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In order to investigate the effects of fault zones on earthquake
ruptures that are geometrically complex, we focus on the dynamic
formation process of secondary branch faults (BFs) distributed
along principle slip planes based on multi- scale model
introducing hierarchical fault geometry inside fault zones.
Employing a model analyzed by the boundary integral equation
method, we observe sequential bifurcations of the tip of
main-fault (MF) as it is dynamically propagated. Farther, if the
propagation distance of the MF is smaller than a critical length,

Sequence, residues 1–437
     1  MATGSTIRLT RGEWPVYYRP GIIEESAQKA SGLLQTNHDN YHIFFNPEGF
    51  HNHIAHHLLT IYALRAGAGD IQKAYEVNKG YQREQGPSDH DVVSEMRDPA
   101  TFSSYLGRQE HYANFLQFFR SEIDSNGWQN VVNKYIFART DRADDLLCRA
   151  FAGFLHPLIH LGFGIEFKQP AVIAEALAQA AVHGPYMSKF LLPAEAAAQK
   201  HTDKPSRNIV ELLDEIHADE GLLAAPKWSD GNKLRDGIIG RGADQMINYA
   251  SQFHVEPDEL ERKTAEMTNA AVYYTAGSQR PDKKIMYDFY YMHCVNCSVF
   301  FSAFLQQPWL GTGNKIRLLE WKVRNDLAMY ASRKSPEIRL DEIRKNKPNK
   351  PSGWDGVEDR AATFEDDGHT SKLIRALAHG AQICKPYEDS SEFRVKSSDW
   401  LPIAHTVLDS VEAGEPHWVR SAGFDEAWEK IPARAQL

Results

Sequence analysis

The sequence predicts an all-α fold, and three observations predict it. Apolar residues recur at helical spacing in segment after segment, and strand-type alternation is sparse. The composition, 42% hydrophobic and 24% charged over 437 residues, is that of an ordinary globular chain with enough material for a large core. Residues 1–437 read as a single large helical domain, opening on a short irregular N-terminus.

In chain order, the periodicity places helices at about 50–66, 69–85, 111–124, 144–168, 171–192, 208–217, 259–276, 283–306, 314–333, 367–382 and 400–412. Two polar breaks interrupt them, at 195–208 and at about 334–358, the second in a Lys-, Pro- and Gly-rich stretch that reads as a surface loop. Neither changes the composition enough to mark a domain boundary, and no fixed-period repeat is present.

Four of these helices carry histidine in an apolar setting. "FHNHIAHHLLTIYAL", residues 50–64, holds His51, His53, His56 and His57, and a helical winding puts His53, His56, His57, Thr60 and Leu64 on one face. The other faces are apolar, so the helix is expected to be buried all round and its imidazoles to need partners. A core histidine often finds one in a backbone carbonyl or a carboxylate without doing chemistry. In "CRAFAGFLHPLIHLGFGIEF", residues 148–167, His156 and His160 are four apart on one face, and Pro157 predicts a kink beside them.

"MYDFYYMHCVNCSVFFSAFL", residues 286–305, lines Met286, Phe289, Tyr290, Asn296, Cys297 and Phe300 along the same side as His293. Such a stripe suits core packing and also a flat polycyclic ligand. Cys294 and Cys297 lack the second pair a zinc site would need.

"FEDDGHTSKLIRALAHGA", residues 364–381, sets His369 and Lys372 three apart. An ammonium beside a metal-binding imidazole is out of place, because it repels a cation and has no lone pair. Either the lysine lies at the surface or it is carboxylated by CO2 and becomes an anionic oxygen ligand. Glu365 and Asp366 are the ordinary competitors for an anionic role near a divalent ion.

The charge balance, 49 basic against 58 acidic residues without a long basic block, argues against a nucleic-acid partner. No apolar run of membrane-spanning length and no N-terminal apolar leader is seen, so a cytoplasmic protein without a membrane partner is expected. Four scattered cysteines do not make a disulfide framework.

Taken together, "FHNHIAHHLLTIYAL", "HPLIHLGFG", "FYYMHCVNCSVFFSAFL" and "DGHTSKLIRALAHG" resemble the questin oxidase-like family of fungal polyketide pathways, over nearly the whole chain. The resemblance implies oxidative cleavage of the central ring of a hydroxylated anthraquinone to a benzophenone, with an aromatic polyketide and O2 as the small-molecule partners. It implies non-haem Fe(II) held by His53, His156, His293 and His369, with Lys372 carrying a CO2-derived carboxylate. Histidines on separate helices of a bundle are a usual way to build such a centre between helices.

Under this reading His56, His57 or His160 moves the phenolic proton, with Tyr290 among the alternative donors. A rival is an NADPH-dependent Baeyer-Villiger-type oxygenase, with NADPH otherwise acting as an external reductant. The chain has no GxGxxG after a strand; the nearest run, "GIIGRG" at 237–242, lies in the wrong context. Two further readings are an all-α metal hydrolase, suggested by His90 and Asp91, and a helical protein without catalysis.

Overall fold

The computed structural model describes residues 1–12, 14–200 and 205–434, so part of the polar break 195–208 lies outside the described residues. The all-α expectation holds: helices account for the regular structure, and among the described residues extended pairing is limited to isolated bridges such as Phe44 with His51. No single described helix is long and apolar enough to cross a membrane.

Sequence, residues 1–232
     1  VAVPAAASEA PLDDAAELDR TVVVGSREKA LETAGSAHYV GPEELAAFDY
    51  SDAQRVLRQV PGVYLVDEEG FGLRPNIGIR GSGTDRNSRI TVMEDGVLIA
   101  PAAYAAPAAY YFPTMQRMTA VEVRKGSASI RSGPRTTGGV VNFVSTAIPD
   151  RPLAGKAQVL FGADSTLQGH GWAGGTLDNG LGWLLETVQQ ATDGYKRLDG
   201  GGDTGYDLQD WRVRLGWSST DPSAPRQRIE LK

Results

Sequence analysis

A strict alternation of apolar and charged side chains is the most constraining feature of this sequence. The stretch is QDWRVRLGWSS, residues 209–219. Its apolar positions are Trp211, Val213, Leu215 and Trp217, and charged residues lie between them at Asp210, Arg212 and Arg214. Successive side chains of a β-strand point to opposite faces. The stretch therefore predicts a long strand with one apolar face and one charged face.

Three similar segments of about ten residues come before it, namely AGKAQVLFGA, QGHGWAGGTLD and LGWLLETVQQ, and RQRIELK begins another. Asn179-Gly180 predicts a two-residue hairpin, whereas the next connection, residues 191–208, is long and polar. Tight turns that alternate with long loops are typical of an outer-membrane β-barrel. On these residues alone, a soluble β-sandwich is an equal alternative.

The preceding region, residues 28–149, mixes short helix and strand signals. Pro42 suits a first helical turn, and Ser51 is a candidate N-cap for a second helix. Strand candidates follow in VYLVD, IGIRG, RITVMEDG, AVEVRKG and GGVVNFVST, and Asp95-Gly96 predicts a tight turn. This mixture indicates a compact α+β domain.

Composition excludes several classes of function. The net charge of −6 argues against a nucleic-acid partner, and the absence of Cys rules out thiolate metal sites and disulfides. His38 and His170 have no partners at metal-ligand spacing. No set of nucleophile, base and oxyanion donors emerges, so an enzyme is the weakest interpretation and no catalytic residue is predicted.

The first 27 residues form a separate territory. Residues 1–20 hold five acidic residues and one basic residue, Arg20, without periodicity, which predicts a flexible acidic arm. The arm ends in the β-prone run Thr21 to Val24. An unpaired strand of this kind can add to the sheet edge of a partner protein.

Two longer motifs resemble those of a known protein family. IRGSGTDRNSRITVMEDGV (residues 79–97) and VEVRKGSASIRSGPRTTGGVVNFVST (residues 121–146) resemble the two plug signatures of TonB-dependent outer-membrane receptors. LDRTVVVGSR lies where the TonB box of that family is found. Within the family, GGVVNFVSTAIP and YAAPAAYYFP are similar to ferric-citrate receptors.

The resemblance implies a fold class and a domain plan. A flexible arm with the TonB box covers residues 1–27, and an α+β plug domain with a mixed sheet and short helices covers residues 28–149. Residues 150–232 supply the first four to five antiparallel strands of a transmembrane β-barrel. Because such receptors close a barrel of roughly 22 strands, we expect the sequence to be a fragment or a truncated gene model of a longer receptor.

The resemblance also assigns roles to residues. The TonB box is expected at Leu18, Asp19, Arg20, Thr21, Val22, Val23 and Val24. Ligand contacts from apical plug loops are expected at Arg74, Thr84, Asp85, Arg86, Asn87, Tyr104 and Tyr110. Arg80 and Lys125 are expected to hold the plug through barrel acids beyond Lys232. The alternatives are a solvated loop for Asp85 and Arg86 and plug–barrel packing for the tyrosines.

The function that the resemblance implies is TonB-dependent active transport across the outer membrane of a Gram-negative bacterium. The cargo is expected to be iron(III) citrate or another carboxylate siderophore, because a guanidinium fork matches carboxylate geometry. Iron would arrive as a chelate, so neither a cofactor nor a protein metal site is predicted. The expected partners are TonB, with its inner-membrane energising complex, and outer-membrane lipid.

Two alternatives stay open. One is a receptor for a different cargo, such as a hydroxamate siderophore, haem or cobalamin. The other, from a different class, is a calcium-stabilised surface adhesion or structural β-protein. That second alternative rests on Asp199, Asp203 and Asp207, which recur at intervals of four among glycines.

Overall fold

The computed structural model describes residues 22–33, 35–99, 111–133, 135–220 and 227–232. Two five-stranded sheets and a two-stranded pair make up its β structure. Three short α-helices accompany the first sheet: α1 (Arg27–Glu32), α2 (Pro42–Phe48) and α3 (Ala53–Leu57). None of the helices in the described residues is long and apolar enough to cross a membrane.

BFs are arrested soon after the initiation and their lengths
become proportional to the MF length (self-similar distribution);
we refer the BFs as mesoscopic BFs. The rupture velocity of the MF
becomes constant here, due to energy dissipation on the mesoscopic
BFs being proportional to the length of MF. However, once the MF
is propagated beyond the critical distance, therefore a BF exceeds
a critical length, a BF starts to grow spontaneously into a scale
comparable to the MF length; we refer this BF as a macroscopic BF.
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